voyage la | Meet Denise Khumalo of Mnandi Productions
"Today we’d like to introduce you to Denise Khumalo.
Denise, please share your story with us. How did you get to where you are today?
I was born and raised in Harare, Zimbabwe. I have always been creative since I was a little kid, I enjoyed anything that kept me active. My parents told me I had the most creative/interesting stories so they knew I was destined for the arts industry. In high school I gravitated towards sociology and fashion, I genuinely enjoyed being around people and helping them. Style/Fashion came naturally to me as well, I always try to incorporate a good outfit whenever I go to an event.
I moved to America to pursue my film career, I received my BS in Communications: TV and Film at SUNY Fredonia in Upstate New York and proceeded to acquire my MFA in Filmmaking at the New York Film Academy in Los Angeles.
From my perspective, documentaries are the definition of cinema veritae, I love how organic it is and people allow themselves to be vulnerable. Ever since I have not looked back.
Has it been a smooth road?
It has not been a smooth road at all lol but they give you the best stories and it makes you appreciate all the little things in life. Being an immigrant in America is not easy, the struggle to get a visa and a work permit has been a battle but what is meant for you will be for you and no one can take it away.
Finding your voice and being accepted in the film industry is also tough, there is so much competition but you have to believe in yourself and be consistent. There aren’t a lot of Zimbabwean women directors in the industry, let alone women at all therefore it is difficult to get into certain rooms because you are not a man." [...]
Loyola Marymount University magazine | Crowning Achievement
I am not my hair, I am not this skin, I am the soul that lives within —India Arie, “I Am Not My Hair”
Rumi wrote about it. India Arie sang about it. But scores of Black women choosing to wear their natural hair in professional spaces are too often penalized for it.
“On the topic of natural hair — and accepting our natural hair as Black women — people are always going to have an opinion about what’s growing out of your personal scalp,” says Stephanie Bell ’20 while talking about the making her capstone documentary film, “Defending Our Crowns.” The 13-minute final undergraduate project at LMU examines the pressures Black women face in fashion and entertainment to conform to European hair standards.
Respectability politics is for real, and oftentimes our worth as Black people is tied to how we wear our hair. In fact, according to Bell, the issue of “good hair” and colorism has become so problematic that generations of Black women have internalized this discrimination as a normal fact of life.
She’s right. And in 2019, California became the first state in the U.S. to pass the CROWN Act — Creating a Respectful and Open World for Natural hair — which ends race-based hair discrimination in workplaces and in K–12 public and charter schools. Championed by then-California Senator Holly Mitchell and galvanized by Esi Eggleston Bracey, former COO and head of beauty and personal care for Unilever PLC North America, the CROWN Act has become a movement in government and private sectors aimed at ending hair discrimination nationwide.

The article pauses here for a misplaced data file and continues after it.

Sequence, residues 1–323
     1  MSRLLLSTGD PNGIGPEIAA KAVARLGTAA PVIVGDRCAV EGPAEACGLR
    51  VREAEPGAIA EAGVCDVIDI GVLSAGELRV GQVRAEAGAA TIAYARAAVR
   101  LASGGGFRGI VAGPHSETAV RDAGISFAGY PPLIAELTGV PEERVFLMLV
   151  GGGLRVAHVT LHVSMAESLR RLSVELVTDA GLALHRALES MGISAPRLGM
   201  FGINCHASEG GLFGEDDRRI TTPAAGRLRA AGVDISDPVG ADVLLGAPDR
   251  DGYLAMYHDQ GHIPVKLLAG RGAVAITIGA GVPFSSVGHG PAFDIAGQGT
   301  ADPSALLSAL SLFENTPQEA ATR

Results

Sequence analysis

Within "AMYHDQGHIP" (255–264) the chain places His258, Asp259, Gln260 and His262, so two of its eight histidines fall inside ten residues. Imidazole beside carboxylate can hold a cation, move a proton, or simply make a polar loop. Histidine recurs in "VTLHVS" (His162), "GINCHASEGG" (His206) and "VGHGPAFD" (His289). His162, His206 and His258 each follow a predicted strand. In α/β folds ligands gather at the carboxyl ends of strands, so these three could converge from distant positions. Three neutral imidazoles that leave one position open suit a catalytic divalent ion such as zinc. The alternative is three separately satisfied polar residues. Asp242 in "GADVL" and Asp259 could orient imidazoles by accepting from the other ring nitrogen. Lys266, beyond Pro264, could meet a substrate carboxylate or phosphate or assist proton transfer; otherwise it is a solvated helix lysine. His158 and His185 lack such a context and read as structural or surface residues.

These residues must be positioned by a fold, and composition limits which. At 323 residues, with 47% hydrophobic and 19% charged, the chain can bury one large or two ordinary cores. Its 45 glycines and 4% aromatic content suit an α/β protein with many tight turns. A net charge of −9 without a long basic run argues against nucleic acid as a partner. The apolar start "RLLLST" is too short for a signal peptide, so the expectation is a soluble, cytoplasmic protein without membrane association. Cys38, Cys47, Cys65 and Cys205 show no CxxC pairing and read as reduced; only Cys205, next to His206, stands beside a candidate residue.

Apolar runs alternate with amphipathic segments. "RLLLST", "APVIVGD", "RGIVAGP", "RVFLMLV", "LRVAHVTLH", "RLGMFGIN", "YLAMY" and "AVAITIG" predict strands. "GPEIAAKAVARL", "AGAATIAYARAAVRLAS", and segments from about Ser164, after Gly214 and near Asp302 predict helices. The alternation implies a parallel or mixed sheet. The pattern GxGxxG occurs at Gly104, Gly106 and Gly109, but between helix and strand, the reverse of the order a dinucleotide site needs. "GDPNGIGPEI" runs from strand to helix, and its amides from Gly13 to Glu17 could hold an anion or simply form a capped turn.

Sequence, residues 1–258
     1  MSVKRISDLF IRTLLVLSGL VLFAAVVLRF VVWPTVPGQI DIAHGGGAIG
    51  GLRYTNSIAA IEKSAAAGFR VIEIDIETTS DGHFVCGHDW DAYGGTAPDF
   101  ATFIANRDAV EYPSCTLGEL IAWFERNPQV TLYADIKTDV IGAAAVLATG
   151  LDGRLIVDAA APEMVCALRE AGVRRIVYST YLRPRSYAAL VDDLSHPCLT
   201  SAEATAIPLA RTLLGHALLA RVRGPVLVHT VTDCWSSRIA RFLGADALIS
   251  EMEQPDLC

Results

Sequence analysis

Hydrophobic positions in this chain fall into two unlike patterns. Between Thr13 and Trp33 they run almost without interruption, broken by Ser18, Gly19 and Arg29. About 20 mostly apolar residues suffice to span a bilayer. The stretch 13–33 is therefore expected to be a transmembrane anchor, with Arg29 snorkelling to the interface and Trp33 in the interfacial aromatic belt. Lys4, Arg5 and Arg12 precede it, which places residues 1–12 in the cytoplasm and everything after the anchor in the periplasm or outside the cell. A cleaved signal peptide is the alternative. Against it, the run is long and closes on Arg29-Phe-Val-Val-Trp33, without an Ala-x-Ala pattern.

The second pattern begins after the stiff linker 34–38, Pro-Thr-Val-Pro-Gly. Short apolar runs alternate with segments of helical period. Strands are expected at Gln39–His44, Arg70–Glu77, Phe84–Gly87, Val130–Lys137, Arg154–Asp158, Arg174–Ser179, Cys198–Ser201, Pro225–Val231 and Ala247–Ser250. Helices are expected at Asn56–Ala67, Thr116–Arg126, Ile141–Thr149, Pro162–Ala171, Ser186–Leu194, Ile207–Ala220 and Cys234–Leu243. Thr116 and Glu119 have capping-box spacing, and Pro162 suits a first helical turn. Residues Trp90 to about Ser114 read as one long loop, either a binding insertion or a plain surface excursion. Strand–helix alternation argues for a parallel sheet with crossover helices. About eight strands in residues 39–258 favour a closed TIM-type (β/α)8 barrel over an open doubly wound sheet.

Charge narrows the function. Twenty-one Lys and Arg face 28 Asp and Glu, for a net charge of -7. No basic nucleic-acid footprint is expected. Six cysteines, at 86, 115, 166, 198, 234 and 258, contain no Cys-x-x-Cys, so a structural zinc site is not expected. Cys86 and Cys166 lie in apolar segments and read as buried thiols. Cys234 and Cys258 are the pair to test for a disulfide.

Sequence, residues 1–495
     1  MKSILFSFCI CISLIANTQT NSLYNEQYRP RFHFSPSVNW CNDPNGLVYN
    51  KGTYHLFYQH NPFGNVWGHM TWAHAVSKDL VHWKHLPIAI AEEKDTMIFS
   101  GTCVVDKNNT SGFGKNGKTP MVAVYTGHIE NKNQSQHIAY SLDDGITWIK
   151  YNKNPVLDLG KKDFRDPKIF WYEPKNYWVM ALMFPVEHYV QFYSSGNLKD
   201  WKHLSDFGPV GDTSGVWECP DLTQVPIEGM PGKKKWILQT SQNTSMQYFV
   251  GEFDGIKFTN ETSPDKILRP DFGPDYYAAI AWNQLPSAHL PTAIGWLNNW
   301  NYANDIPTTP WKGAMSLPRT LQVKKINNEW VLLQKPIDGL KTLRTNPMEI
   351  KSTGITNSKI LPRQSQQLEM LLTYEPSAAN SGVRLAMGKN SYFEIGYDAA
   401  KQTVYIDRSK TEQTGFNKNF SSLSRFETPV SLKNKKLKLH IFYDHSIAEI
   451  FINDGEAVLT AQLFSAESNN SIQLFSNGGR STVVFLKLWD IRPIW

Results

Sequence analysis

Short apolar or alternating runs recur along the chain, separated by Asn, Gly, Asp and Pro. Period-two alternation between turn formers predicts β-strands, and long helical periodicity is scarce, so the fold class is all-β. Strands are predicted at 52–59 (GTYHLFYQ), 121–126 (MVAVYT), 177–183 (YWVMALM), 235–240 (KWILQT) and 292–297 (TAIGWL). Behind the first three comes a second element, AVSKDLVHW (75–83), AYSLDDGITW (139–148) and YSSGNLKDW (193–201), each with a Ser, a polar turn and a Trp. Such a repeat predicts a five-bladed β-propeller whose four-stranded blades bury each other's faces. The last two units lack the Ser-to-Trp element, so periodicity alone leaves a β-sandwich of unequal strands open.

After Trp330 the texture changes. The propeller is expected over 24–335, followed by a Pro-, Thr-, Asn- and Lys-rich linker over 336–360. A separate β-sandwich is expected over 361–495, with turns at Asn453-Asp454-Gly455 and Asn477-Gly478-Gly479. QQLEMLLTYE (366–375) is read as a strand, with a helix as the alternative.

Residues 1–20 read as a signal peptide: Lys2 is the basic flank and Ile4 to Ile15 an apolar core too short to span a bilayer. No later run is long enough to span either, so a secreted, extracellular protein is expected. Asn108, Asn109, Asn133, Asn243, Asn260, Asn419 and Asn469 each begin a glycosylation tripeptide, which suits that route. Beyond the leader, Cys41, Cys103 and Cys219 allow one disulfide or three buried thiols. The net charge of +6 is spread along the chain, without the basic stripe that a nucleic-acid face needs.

“This isn’t about hair,” says Mitchell, now a Los Angeles County Supervisor. “This is about discrimination, and us creating a culture shift where we acknowledge that a Eurocentric standard of beauty, i.e., straight hair, is not true to us.”
“It certainly doesn’t define professionalism,” adds Mitchell, who wore locs for 17 years, “and it certainly shouldn’t justify little girls being suspended from school because their mothers sent them to school with box braids.” [...]
my africa magazine | Exclusive with US-Zim based filmmaker Denise Khumalo
"Denise Khumalo is an independent filmmaker born and raised up in Zimbabwe then moved to America to pursue her film career. My Afrika Mag had an interview with Khumalo to discuss on her journey in the filming industry and how she is supporting the people at home.
CB: Can you please tell us a brief background about yourself from Zimbabwe to Los Angeles.
DK: I was born and raised in Harare, Zimbabwe and I left in 2008 to attend University in the United States. I studied at SUNY Fredonia for my BS in Communications: TV and Film in upstate New York. After graduation in 2012, I wanted to move to a bigger city with more opportunities and that is what led to my move to Los Angeles where I received my MFA in Filmmaking at New York Film Academy.
CB: How does where you live currently influence the films you make?
DK: I live in Los Angeles, California and it’s a melting pot of people from around the world. It has allowed me to see and experience so many diverse cultures; in addition it has helped me evolve as a person. Living here has made me realize how much I appreciate my country and people, that is why my films focus on immigrants and people of color as I always try to highlight the underdogs.
CB: What was your drive behind making films?
DK: I wanted to be the voice for those who can’t or don’t have the access or opportunity to have themselves heard. Film is universal and it has a way of touching people’s hearts. Documentaries on the other hand, are a way of educating people and that is why I love them so much. You can learn about different cultures and traditions from across the globe from your living room." [...]